Tax time is agonizing for many as they try to navigate the maze of rules and forms that is the Internal Revenue Service. Computer programs have made it much easier to calculate your taxes for cheap. Before you pickup a program at the store or consider hiring a CPA or tax professional, check to see if you can get your taxes done for free.
The IRS offers a service called VITA or Volunteer Income Tax Assistance for anyone making $51,000 or less. I used it when I first started in this business and made peanuts. While it’s a good service, you need to be careful. Most of the tax returns these volunteers prepare are simple. However, if you freelance as I did back then to make some extra money be careful. My taxes were done wrong, and then I was stuck fixing the mistakes by myself years later when they were spotted. The volunteer didn’t fully compute the business tax properly for independent contractors and I ended up owing a few dollars more. It wasn’t much money, but it was a headache to fix the mistake.
I still saved money with the volunteers because I got my taxes done for free, but I spent hours fixing their mistakes that were duplicated for a few years.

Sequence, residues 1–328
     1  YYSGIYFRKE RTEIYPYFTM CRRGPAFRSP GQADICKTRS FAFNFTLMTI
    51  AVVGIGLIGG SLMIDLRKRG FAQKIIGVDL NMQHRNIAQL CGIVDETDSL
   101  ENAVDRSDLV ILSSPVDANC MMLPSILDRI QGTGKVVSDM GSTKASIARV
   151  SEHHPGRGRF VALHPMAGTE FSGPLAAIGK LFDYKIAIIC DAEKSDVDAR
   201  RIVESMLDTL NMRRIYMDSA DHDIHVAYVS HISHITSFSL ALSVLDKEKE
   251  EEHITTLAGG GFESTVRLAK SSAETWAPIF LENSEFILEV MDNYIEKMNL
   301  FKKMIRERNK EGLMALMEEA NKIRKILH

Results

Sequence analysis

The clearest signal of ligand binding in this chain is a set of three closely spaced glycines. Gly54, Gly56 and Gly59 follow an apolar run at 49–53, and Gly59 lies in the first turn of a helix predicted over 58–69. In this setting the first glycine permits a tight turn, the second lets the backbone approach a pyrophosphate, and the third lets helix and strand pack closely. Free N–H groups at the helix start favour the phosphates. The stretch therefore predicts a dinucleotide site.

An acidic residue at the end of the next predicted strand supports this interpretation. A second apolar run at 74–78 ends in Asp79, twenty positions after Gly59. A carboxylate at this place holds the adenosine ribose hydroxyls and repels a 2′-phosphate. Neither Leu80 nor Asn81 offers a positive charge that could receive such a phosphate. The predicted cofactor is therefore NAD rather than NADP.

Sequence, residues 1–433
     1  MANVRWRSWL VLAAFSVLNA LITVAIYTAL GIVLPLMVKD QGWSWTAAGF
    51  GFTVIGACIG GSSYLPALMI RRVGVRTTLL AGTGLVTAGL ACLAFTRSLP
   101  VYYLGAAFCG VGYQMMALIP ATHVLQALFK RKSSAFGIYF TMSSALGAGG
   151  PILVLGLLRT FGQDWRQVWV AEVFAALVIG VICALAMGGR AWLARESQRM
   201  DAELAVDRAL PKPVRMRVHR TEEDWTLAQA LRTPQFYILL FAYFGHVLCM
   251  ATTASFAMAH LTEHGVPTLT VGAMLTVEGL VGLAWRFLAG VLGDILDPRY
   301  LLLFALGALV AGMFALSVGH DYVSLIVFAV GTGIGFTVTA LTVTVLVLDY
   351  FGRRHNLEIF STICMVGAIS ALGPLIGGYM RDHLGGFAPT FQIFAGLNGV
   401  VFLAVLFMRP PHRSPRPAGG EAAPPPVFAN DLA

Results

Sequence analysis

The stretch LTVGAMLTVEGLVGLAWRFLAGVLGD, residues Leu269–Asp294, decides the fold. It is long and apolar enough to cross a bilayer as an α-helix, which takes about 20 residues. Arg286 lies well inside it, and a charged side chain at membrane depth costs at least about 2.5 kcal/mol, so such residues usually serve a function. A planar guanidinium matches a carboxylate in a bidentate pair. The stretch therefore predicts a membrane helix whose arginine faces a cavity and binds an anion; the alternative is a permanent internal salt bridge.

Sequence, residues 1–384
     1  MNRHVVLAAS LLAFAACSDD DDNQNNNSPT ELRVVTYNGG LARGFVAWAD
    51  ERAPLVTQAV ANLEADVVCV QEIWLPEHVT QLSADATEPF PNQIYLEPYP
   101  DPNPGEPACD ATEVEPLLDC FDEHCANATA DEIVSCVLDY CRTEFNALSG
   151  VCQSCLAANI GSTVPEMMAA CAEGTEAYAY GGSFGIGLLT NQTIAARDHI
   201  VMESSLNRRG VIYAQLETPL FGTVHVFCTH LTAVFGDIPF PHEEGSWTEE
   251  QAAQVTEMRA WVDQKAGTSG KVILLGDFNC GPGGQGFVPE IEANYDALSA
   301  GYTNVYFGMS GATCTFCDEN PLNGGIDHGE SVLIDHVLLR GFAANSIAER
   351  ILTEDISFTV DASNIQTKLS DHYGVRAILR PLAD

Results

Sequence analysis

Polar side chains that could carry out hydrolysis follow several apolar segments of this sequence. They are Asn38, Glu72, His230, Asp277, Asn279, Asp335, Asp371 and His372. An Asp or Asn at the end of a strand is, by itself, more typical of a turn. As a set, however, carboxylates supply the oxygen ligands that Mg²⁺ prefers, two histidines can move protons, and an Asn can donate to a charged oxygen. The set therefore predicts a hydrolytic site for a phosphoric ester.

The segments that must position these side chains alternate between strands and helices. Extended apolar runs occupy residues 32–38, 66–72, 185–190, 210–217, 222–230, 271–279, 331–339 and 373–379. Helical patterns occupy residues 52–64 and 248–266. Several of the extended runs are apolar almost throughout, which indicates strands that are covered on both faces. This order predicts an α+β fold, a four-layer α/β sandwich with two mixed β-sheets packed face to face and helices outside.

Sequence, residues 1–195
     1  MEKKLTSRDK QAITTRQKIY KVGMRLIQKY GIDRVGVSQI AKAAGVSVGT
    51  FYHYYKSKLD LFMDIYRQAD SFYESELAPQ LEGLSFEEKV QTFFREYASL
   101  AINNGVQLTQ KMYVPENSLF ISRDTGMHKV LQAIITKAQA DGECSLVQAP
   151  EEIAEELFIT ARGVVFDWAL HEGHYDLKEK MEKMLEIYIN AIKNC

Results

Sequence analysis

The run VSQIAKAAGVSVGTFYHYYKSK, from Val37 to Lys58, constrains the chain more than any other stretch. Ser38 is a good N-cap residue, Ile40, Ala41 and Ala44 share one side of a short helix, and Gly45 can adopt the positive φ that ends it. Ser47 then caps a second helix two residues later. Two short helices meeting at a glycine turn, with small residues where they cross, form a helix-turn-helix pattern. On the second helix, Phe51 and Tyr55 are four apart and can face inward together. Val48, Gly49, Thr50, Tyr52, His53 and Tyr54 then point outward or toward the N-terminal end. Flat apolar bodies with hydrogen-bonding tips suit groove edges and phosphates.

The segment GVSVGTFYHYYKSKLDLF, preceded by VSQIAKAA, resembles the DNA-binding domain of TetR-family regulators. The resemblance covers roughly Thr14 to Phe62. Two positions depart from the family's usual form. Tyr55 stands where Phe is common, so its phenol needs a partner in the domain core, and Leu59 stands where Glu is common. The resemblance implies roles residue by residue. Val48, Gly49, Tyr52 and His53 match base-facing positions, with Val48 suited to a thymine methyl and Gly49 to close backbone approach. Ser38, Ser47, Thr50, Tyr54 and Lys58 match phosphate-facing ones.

That was back in the days when people filed paper returns. Now, that computers do the hard work for you those mistakes are less likely to happen. The IRS also has Free File programs which allow you to prepare your taxes for free with online software if you make $57,000 or less. While it’s called Free File, you need to read the fine print on the individual company you choose. It’s only free to file your federal return, and some sites charge you a high fee to file your state return.
Check a few sites before you decide on a company. You should be able to get your state taxes filed for under $20.
Image via Wikipedia
The IRS is finally announcing guidelines for tax refunds related to the expiration of federal excise taxes on airline tickets. This comes just days after JetBlue announced a plan to offer refunds.
The IRS is asking the airlines to issue the refunds since they have all the details on the passenger’s itinerary, fees paid, and credit information to issue a refund.
If you can’t get a refund from your airline, passengers can request one from the IRS. You’ll have to submit proof of your travel dates and fees paid, but the guidelines for requesting a refund this way are still in development by the IRS. So, it looks like your best bet is to request the refund from the airline or you may be waiting awhile for the IRS.
The expiration of the excise tax means you’ll receive more than 7.5% of the ticket price in the form of a refund. The 7.5% tax is gone, the segment tax of $3.70 per person per segment, international tax of $16.30 per person for flights that begin or end in the U.S., $8.20 charge for person for a flight that begins or ends in Hawaii or Alaska, and the 6.25% tax for transporting property by air is also eliminated until this tax issue is resolved.